Premier Jason Kenney told Albertans a week ago that the province is in its third wave of COVID-19 outbreaks. He suggested that more stringent enforcement by police may be necessary at this point, saying authorities have “been very patient ...
85% said cash giving in 2020 came rather close to 2019 cash giving numbers—with a sizable portion of that group saying that 2020’s cash giving ended higher than 2019’s.
The pandemic’s much-feared financial toll on churches and nonprofit ministries failed to materialize in 2020. That’s the verdict from a survey of 1,292 members and friends of ECFA (the Evangelical Council for Financial Accountability) published March 4 in a 12-page illustration-rich report titled “Remarkable Resilience.”
Every three months since the nation’s coronavirus-driven financial upheavals began last spring, ECFA has polled its membership, plus other likeminded churches and nonprofits. After an initial dip in charitable giving, donations rose and held somewhat steady in the summer and fall. Donor fatigue apparently did not set in even across the end-of-year’s final appeals.
What did our survey uncover? For 85%, 2020’s income from cash giving was close to 2019’s. The breakdown of the 85% is instructive: while 18% said it was close—i.e., that 2020 was lower than 2019 by 1-10%, and 14% said the two years ended the same, 27% said that 2020’s cash giving was 1-10% higher than 2019’s, and an amazing 26% said that 2020’s cash giving was more than 10% higher than 2019’s. Thus 53% said that 2020 ended higher than 2019 for cash income.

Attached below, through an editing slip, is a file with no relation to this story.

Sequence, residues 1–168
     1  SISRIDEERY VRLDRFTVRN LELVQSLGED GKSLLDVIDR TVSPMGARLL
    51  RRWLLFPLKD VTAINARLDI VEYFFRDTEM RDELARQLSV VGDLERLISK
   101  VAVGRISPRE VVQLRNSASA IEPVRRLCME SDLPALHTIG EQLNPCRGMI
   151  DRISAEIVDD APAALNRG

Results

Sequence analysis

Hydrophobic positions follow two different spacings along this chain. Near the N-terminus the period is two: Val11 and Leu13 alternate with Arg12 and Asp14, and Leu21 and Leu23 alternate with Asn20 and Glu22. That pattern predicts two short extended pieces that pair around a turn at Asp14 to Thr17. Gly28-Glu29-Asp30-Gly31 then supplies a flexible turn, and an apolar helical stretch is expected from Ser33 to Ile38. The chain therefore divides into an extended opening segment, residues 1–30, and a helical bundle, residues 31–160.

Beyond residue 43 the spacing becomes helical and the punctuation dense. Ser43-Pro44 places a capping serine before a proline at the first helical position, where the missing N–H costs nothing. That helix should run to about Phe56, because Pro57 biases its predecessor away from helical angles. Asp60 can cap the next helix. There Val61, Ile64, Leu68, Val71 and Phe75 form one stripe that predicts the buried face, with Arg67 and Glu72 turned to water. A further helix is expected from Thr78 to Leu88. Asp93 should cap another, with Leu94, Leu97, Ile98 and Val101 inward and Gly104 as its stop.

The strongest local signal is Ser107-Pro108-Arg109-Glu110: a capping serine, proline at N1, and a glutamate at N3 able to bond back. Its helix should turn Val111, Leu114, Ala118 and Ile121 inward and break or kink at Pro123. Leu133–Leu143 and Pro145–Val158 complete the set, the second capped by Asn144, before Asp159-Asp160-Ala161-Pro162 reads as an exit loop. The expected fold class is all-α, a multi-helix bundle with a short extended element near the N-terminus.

For most churches and nonprofits, cash giving is their largest slice of the income pie. ECFA’s 2,546 member organizations average 58% of their revenue as coming from green cash, checks, online giving, etc. Another 27% of revenue comes from “other income” such as facility rentals, tuition, program fees, etc. The remaining 15% comes from non-cash giving such as gifts in kind, donated services, etc. This formula varies across many ministry types, with child sponsorship ministries averaging 99% of their income ...
The mission of our church is to minister to the spiritual, intellectual, physical, emotional, and environmental needs of all people by spreading the good news of Christ's redeeming gospel through the preached word and outreach ministries and activities. Christ has called us to seek and to save all those who will believe and call on the name of Jesus and accept Him as Savior and Lord!